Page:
The history and significance of “third parties” tend to be written off by most Americans. Easily dismissed as “wasted votes” or escape hatches from voting Democrat or Republican, third or minor parties have played a […]
Jesus in the Eucharist
Cardinal Vincent Nichols has echoed Pope Francis’ call for peace in Nagorno Karabakh and offered his prayers for all those affected by the conflict.
In a letter to Bishop Hovakim Manukyan, Primate of the Armenian Church in the UK and Ireland, Cardinal Nichols said:
“The tragedy and futility of the continued stalemate that has persisted for so long, and now the open warfare threatening to engulf the region, make a just negotiated settlement ever more vital. The international community has a heavy responsibility to ensure that the violence ceases and that the peoples of the region can at last experience the peace long denied to them.”
Earlier this year, the U.S. Conference of Catholic Bishops’ (USCCB) Ad Hoc Committee Against Racism and Loyola Press published Everyone Belongs, an illustrated children’s book addressing racism. Today, it was announced that the book has been awarded a gold medal in the Religion/Spirituality category of the 2020 Moonbeam Children’s Book Awards.
Everyone Belongs, inspired by the November 2018 statement of the U.S. Conference of Catholic Bishops (Open Wide Our Hearts: The Enduring Call to Love, A Pastoral Letter Against Racism), empowers young readers to reflect on the dignity of the human person created in God’s image and the reality of racism in our society.
Intended for children ages 5-12, Everyone Belongs helps young readers explore potential solutions, reconciliation, and healing. The children’s book, published by Loyola Press, shares the story of a young boy whose family fled violence in their home country to come to the United States as refugees. The family’s excitement as they move into a new neighborhood is interrupted when someone spray paints a hurtful message on their garage. Everyone Belongs will allow conversations with readers about what our faith calls us to do, especially now, as our country grapples with the realities of racial injustice.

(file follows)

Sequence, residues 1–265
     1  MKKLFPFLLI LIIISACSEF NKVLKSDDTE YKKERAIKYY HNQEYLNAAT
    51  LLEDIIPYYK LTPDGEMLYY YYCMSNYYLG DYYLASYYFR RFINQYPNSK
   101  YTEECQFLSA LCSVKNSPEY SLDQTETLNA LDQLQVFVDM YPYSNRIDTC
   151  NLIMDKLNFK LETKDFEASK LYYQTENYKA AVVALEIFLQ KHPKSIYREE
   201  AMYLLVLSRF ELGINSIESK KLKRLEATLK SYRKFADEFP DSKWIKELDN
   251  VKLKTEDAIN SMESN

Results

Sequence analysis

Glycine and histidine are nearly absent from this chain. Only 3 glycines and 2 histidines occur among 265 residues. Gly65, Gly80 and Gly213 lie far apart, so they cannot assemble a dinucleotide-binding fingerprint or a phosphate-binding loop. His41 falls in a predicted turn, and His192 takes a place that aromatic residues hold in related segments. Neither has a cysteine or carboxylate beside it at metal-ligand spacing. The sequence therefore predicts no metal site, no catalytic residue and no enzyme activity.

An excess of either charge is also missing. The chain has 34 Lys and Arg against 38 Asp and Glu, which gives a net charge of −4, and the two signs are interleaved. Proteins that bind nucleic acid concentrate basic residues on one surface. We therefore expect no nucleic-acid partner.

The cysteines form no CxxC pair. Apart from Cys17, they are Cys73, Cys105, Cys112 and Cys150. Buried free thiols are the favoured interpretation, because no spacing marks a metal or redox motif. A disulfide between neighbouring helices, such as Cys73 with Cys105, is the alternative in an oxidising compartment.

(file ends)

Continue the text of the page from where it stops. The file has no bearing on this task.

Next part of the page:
A benefactor of a leading Catholic charity has raised more than £2,700 for the people of Beirut by walking 100 kilometers (62 miles) in three weeks.
Annie Martin, 68, from the Ealing Abbey Aid to the Church in Need (ACN) parish group in west London, told the charity that she embarked on her challenge after being horrified by the explosion in the Lebanese capital.
More than 200 people died following the blast in early August, at least 6,000 were injured and more than 300,000 were made homeless.
As the world suffers from the COVID-19 pandemic, and one considers what can be done (even Pope Francis in his recent social encyclical Fratelli Tutti), a new help is on bookshelves to explain how the transformation of industry can be of central importance to respecting our Common Home.
This is the thesis of the book of well known Italian author, Giuseppe Sabella, in his latest book ‘Ripartenza Verde (‘Green Restart’): Industry and Globalization during the Time of COVID’ (‘Green Restart’), published by Rubbettino, an Italian publishing house which has published several books by Michael Novak.
Giuseppe Sabella is Executive Director of THINK-IN and research fellow of the Donald Lynch Foundation in North Carolina, USA. An industry expert and Think-industry4.0 project coordinator, he has collaborated and collaborates with various publications including Il Sole 24Ore, Il Sussidario and Start Magazine.
Homily Stay awake. Be prepared. This is one of the primary ways we will grow in our spiritual life.